Today, I was speaking with a friend/colleague who has been a long time addictions specialist, thanatologist and grief counselor. Dr. Yvonne Kaye is an outspoken advocate for those who are living with loss. One of her specialities is working with bereaved parents, regardless of the age of the child or the reason for their death. She has been in the trenches with them for decades and never ceases to be amazed by their resilience in the face of what is considered to be “out of the natural order of things.”
Compassionate Friends is one of the organizations with which she is involved and to which she refers family members and friends of those suffering such a loss. It was created 40 years ago as a result of a chaplain in England feeling helpless to assist two families in grieving the deaths of their children. He recognized the power of solidarity shared between those who had walked the path.
She shared a tidbit of wisdom from a bereaved parent with whom she had worked. The woman told her that although that type of inconceivable experience created a hole in her heart, she had learned to plant flowers in it. No one or nothing can completely fill the space, nor should they. She also reframes the concept that people often offer those who are grieving, that they need to be strong. Her take is that when you are strong, it means you don’t need anyone. Rather, she professes, we all have strengths. I think of it as resilience, either hard wired into us or acquired as we mature.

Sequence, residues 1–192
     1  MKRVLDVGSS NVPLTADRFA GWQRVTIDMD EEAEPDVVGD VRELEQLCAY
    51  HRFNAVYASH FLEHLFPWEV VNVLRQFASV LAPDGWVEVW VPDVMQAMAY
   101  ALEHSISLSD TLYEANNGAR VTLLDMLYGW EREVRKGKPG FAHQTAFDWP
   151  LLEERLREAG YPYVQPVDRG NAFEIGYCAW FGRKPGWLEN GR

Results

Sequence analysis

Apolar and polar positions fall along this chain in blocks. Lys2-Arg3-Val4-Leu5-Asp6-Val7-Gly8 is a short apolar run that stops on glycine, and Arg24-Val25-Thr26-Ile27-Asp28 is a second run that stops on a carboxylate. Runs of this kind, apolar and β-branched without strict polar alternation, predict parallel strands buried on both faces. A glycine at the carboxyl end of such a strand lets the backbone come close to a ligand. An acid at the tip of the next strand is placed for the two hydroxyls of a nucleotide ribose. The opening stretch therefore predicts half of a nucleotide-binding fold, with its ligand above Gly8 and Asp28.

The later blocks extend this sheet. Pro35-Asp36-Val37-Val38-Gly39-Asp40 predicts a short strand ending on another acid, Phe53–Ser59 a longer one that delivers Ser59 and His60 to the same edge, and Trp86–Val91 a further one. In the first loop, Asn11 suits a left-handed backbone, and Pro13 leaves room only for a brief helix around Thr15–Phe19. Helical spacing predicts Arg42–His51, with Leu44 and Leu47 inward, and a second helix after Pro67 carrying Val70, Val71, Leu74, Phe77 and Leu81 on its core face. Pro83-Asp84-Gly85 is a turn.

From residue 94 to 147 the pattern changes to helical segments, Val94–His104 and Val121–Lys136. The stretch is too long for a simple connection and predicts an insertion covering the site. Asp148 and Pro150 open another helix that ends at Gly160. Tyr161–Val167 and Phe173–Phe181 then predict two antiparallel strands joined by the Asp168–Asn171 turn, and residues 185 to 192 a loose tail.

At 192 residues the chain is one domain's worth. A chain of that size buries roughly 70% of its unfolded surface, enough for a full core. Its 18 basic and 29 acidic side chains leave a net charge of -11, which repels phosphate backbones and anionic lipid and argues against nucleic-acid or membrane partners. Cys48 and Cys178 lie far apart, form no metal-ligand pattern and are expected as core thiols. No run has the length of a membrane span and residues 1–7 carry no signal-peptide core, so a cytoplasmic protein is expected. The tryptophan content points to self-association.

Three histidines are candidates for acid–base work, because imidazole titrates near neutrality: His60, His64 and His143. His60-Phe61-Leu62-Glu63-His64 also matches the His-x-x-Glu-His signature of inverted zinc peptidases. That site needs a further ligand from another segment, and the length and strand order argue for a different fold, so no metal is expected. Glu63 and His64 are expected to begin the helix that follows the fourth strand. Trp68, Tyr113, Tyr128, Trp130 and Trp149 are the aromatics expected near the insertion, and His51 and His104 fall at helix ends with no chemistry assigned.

At our birth, we enter into a world in which we experience loss. We are no longer living in amniotic nirvana in which all of our needs are met. From then on, it can be as simple as giving up a pacifier or a bottle as we move from infant to toddler or as painful as the death of a beloved animal companion.
Even as adults, that kind of loss has its challenges. Someone shared with me recently that with the death of a beloved pet who had been a family member for many years, she found herself tearing up when seeing his food bowl that needed to be washed, or knowing that if someone dropped a cracker on the floor, they would have to pick it up themselves, rather than waiting for their four legged cleaner to do it. She tends to submerge her grief, not wanting to feel overpowered by it. She also feels a need to protect others from theirs, in part because she wants them to be resilient. She expressed that she doesn’t want to “wallow.” My invitation to her was that she “allow rather than wallow.” Let herself have all the feels and make room for those around her to do so as well.